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Bride and Groom With Face MasksUnusual problems call for unorthodox solutions. The COVID-19 pandemic has prompted many nearlyweds to postpone their weddings until later in 2020. Couples who can’t or don’t wish to reschedule have adopted unique approaches to getting married in the age of coronavirus. Technology plus creative thinking can allow you to exchange vows while practicing safe social distancing.

Four Couples’ Creative Wedding Solutions

NBC News shared the stories of four couples who tied the knot while social distancing in a March 22 video segment. One pair tied the knot on a New York City street while their officiant performed the ceremony from the window of his fourth-floor apartment. Another livestreamed their wedding to guests, while a central Ohio couple exchanged vows in a public park with a ceremony officiated by a local city mayor. A fourth couple pared down their large celebration to a small indoor event, but their friends and neighbors surprised them with a decorated backyard and the bride’s uncle officiated the ceremony.

Livestreaming Your No-Guest Wedding

Livestreaming is the most popular option for couples who don’t want to completely cancel their nuptials. With the technology inexpensive and easy to set up, you can ready your equipment and start streaming in less than an hour. You don’t need guests to say “I do,” although several states require witnesses. The Universal Life Church and Wedding Wire offer more information on state-specific marriage laws.

Writing for Brides, Kelsey Butler offers some excellent livestreaming tips. Whether you’re exchanging vows at home or another location, it’s wise to test your internet connection for reliability, video quality, and sound before you start streaming. A laptop with a webcam is an ideal setup, but you can also set your phone on a tripod mount or in another secure location where it won’t fall or slide. If you prefer limiting access to friends and family, look for platforms that allow private invite-only streaming.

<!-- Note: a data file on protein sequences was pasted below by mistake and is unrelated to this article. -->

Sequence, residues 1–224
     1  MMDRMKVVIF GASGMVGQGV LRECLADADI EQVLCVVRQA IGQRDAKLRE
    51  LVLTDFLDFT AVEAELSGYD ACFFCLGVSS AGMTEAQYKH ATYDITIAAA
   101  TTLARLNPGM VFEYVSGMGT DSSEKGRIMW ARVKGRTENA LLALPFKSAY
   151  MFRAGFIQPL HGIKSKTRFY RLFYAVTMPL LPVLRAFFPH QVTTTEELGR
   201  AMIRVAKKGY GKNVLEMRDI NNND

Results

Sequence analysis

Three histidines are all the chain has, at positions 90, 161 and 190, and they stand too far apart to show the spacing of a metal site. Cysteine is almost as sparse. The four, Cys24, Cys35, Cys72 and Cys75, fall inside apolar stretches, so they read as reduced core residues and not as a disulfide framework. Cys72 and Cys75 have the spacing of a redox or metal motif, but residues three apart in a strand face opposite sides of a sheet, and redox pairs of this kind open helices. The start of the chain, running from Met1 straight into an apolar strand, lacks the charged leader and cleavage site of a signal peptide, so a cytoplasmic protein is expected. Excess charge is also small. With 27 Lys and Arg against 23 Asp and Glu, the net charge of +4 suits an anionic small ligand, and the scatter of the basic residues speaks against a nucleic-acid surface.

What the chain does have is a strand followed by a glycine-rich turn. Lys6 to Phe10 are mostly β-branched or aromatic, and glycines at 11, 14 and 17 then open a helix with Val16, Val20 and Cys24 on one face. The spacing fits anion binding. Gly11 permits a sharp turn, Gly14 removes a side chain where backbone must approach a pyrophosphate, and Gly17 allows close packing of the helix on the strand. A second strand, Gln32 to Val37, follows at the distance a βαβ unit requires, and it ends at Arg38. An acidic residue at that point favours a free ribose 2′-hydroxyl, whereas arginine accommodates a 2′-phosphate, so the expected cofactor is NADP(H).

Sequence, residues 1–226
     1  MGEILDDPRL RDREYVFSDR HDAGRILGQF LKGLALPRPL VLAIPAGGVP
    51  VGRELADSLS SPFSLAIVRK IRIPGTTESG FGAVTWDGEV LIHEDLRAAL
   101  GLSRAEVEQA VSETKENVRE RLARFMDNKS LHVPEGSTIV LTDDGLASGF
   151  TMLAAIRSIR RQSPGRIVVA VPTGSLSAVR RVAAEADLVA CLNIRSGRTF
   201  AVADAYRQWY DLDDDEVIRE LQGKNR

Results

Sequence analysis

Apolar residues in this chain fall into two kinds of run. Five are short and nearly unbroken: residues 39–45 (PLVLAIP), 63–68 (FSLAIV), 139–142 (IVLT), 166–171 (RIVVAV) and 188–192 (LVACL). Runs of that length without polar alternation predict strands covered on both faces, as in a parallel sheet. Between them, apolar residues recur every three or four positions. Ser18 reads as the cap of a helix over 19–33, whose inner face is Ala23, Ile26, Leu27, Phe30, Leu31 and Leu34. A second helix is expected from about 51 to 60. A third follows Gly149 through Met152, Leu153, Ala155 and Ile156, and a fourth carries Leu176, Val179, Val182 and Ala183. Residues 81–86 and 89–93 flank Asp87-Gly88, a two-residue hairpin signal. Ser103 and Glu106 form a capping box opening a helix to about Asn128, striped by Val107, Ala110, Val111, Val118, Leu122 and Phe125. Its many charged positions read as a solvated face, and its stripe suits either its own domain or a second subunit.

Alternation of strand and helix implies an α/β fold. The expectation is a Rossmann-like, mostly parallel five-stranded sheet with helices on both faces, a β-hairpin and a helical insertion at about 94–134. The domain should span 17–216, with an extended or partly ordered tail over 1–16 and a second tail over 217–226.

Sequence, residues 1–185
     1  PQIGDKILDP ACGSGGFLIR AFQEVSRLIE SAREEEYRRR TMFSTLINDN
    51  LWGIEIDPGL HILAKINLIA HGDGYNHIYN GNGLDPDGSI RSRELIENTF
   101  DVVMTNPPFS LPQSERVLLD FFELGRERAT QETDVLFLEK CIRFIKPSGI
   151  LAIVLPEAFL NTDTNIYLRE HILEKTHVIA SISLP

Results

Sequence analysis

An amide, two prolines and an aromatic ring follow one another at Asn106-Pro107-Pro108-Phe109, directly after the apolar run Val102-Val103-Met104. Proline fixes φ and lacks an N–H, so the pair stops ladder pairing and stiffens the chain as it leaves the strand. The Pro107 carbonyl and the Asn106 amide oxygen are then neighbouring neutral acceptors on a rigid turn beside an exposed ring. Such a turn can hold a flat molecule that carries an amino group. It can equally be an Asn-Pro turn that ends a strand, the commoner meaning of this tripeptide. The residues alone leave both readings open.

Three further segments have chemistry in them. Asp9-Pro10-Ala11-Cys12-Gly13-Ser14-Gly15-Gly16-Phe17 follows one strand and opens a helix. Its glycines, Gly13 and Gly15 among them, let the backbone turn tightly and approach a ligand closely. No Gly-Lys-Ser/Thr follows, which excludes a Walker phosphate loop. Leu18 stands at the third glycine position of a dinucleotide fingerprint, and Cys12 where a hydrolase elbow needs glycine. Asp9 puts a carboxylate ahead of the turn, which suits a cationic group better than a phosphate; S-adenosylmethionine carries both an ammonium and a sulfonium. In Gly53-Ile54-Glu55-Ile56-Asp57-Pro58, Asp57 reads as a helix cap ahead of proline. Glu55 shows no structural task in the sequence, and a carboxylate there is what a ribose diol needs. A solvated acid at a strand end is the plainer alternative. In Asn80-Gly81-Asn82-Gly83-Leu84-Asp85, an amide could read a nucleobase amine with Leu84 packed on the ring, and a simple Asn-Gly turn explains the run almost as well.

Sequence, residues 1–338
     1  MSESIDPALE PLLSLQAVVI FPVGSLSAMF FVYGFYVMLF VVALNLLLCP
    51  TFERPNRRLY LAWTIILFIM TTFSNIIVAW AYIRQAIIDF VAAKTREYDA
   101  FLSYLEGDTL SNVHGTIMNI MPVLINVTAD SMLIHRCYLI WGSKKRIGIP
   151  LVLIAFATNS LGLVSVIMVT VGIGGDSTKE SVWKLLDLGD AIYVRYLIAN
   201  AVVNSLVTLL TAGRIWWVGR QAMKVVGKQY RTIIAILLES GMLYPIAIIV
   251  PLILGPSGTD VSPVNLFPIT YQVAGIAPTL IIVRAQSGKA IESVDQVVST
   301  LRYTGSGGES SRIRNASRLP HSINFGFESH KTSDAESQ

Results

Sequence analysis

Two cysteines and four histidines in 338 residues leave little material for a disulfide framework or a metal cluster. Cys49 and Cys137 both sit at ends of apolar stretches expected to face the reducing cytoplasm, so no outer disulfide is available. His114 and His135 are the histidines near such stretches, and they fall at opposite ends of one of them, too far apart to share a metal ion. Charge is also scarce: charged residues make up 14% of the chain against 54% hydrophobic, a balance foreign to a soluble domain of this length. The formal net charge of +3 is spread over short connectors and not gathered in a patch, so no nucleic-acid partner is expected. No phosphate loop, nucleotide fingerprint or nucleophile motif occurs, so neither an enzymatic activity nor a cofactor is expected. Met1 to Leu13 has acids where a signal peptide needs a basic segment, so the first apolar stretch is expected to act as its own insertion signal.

Streaming a Small Ceremony With Guests

While some couples stream their weddings with no guests physically present, others take a slightly different approach. A March 20 Star Tribune article profiled Jamie White and Ross Buchanan, a couple who fast-tracked their April 4 nuptials. The couple exchanged vows in their living room in mid-March in front of their children and parents. They also used a laptop to stream the ceremony on Zoom, allowing 30 of their closest friends and family to watch from afar.

White and Buchanan limited their home ceremony to less than 15 people, well below the CDC’s recommended limit of 50. If you adopt their approach, make sure that you and your guests still keep more than 6 feet away from each other. Couples who prefer an interactive element in streaming their weddings should pick a video chat or conferencing platform instead of a livestreaming service. Tools like Zoom, Skype, FaceTime, and Google Duo allow two-way transmission so you and long-distance guests can connect.

Technology Has Its Limits

Can your officiant conduct the ceremony via Skype, FaceTime, or another video chat app? Probably not. Only a few states allow proxy marriages in which one or both parties are represented by others in person. They’re usually permitted in cases where one party is ill or on military deployment, but the person solemnizing the marriage must still be physically present. Your best bet is to follow the recommended social distancing guidelines to keep you and your officiant as safe as possible. The Red Cross and NPR provide more information on effective social distancing practices.

Engaged couples are finding ways to exchange vows while taking responsible actions to avoid contracting and spreading COVID-19. They exhibit three enduring qualities: creativity, a problem-solving mindset, and an indomitable spirit. Whatever option you choose for your 2020 wedding, be sure it best fits your situation while keeping both you and your guests healthy.

Category: Technology

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